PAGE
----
Numbers in Bulgarian

11.06.2012 § 1 Comment

Bulgaria uses the Indo-Arabic numeral system known around the world.

We begin, as always, counting from 1 to 10.

  1. Едно (ednó)
  2. Две (dve)
  3. Три (tri)
  4. Четири (chét’ri)
  5. Пет (pet)
  6. Шест (shes‘)
  7. Седем (sédem)
  8. Осем (ósem)
  9. Девет (dévet)
  10. Десет (déset)

For the numbers 11-19, we add ten to what we had above, which in Bulgarian is accomplished with the suffix -надесет (-nádeset, literally “above ten”).

  • eдинадесет (11) – edináyse
  • дванадесет (12) – dvanáyse
  • тринадесет (13) – trináyse
  • четиринадесет (14) – chet’rináyse
  • петнадесет (15) – petnáyse
  • шестнадесет (16) – shesnáyse
  • седемнадесет (17) – sedemnáyse
  • осемнадесет (18) – osemnáyse
  • деветнадесет (19) – devetnáyse

All roots but the first two are exactly the same as the single digits. For 11, we write “edinadeset” instead of “ednonadeset*” and for 12, we write “dvanadeset” instead of “dvenadeset*”.

Since saying “something-nadeset” is a bit of a mouthful, pronunciation takes a huge shortcut on the suffix, changing it to “-nayset” or even “-nayse“. This will be a common deviation between written and spoken numbers in Bulgarian.

To reach twenty, we say “two tens”. Десет (“deset”) means “ten”, and the word for “two” we used in the pre-teens was два (“dva”), making twenty двадесет (dvádeset). Below are the tens:

  • десет (10) – déset
  • двадесет (20) – dváyse
  • тридесет (30) – tríyse
  • четиридесет (40) – chetír’se
  • петдесет (50) – pedesé
  • шестдесет (60) – sheysé
  • седемдесет (70) – sedemdesé
  • осемдесет (80) – osemdesé
  • деветдесет (90) – devedesé

Another pronunciation deviation applies here, shortening “-deset” to “-yse” or “-dese“.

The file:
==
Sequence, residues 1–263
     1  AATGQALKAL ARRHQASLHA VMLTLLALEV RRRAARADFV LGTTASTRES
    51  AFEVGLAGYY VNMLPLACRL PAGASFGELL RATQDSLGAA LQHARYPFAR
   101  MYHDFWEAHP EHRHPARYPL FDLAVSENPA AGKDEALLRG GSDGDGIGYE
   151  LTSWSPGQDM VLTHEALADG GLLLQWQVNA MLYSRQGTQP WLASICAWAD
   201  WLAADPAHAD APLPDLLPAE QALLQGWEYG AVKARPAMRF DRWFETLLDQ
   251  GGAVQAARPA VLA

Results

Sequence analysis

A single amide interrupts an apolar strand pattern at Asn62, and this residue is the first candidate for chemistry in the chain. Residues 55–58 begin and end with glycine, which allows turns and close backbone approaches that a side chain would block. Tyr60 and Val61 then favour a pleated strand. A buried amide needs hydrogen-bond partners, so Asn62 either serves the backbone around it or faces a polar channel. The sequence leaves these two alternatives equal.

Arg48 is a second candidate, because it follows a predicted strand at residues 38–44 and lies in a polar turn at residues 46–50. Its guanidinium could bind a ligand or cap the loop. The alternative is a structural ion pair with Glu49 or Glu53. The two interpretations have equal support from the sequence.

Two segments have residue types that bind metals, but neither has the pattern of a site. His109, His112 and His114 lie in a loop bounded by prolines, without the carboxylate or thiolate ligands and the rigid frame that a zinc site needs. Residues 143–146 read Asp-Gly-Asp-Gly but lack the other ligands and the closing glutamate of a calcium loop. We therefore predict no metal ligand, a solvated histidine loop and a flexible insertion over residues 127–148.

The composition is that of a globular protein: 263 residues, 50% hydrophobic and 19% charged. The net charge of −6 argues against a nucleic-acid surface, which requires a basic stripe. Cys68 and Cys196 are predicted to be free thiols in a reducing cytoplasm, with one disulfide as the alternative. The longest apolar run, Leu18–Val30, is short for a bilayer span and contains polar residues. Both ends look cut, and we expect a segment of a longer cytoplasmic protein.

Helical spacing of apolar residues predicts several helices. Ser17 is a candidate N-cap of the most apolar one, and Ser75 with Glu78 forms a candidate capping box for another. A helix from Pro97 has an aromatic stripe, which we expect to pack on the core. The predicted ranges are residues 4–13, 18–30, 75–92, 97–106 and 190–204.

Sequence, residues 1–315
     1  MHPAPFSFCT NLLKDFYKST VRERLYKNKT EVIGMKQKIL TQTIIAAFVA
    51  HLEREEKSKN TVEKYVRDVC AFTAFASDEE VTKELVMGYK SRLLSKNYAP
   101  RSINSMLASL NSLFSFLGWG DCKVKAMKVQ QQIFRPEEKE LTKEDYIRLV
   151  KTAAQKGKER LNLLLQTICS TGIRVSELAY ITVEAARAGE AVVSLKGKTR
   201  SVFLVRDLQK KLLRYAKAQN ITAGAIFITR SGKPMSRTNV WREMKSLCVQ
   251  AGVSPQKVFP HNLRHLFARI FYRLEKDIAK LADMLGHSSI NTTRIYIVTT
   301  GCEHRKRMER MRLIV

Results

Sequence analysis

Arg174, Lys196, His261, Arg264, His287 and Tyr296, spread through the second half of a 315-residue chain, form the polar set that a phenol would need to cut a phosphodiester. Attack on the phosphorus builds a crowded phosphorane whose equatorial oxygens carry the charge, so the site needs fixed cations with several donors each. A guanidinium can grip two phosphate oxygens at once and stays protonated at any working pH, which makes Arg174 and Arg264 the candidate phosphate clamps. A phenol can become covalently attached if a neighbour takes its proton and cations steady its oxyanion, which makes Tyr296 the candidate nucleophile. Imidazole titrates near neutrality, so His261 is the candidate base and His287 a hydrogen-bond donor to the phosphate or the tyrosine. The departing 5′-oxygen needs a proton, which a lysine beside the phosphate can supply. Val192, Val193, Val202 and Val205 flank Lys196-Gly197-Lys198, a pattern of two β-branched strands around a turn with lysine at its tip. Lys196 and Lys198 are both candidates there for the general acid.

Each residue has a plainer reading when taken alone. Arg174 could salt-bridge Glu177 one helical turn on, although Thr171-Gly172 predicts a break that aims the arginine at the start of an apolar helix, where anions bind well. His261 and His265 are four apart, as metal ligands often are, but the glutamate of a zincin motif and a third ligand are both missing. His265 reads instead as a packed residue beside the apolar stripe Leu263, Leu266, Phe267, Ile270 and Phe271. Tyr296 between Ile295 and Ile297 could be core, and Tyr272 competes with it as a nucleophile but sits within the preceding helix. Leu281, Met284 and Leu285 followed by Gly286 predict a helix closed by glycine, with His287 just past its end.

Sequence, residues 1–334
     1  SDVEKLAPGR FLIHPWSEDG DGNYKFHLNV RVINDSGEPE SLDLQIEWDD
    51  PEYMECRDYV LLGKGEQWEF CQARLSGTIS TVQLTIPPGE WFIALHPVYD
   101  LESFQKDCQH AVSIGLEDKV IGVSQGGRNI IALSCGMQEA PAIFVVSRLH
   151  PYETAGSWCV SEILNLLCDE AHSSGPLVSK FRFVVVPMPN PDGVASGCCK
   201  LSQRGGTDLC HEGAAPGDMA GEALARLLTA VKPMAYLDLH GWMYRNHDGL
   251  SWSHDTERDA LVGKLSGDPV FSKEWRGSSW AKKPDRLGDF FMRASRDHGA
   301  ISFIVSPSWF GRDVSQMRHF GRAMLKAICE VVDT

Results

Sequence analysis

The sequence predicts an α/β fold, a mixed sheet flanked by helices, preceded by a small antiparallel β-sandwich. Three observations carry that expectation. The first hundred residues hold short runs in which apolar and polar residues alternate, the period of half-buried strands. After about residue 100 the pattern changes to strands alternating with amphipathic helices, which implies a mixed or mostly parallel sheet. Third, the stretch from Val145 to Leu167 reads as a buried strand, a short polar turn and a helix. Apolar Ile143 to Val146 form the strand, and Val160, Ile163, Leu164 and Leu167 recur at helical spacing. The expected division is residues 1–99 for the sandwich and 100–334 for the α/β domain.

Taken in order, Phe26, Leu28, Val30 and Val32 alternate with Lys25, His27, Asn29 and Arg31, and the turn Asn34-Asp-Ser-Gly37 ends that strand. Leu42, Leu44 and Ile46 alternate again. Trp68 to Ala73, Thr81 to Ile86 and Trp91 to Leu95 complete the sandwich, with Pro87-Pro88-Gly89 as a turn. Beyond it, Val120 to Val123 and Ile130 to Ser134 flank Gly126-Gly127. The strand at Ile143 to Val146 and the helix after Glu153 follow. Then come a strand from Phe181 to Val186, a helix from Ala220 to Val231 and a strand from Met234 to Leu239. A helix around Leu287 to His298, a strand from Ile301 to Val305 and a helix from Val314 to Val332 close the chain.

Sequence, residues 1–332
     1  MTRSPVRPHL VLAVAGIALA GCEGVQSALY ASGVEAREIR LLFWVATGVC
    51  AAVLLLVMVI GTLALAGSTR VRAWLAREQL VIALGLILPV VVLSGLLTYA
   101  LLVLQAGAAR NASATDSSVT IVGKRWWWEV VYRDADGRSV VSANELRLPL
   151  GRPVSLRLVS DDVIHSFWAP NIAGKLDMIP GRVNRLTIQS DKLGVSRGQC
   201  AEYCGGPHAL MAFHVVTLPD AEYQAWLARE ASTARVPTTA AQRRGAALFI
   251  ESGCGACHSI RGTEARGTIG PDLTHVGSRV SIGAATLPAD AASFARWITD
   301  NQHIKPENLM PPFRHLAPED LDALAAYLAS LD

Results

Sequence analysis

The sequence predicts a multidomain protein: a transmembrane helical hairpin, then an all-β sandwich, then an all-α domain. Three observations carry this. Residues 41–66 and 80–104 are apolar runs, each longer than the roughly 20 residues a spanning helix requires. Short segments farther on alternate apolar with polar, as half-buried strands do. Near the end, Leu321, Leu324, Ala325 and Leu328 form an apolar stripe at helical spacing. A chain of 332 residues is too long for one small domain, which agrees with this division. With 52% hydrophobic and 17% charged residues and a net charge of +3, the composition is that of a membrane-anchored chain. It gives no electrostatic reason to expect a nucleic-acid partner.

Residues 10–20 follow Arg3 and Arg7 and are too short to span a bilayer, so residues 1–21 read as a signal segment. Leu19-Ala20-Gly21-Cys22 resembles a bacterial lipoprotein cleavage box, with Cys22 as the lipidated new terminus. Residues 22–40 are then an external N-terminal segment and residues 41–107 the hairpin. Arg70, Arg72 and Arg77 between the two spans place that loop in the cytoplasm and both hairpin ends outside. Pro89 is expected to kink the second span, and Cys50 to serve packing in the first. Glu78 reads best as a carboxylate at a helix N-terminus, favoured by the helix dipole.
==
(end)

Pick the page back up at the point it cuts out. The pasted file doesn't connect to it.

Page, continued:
We get to the hundreds. The word for “one hundred” is сто (“sto“). You will see a variant of it in every one of the following. 200 and 300 follow one formation pattern (adding -sta) while 400-900 follow another (adding -stotin). By the way, the word стотинка (“stotinka“) means “one hundredth” and refers to the Bulgarian cent, 1/100 of the Lev.

  • сто
  • двеста
  • триста
  • четиристотин
  • петстотин
  • шестстотин
  • седемстотин
  • осемстотин
  • деветстотин

The word for “one thousand” is хиляда (“hilyáda”), and its plural, хиляди (“hílyadi”) can be put after any of the numbers discussed above to denote that many thousands, e.g. петнадесет хиляди (“petnáyse hílyadi“, fifteen thousand).

Now, how do we combine these into more complex numbers? This is, thankfully, very simple: we start with the most significant register (thousands, then hundreds, then tens, then units), imagining we’re enumerating a list, adding an “and” before the last element in the list.
If all of them are present, for instance in the number 1876, the year of the April uprising, this looks like so:
1876: хиляда (1000) осемстотин (800) седемдесет (70) и (and) шест (6).
We can skip any of these and apply the same rule:
2012: две хиляди (2000) и (and) дванадесет (12).
This works for two-digit numbers:
54: петдесет (50) и (and) четири (4)
The one exception that requires adding a second “and” occurs when there are thousands, tens and units but no hundreds.
1063: хиляда (1000) и (and) шестдесет (60) и (and) три (3)

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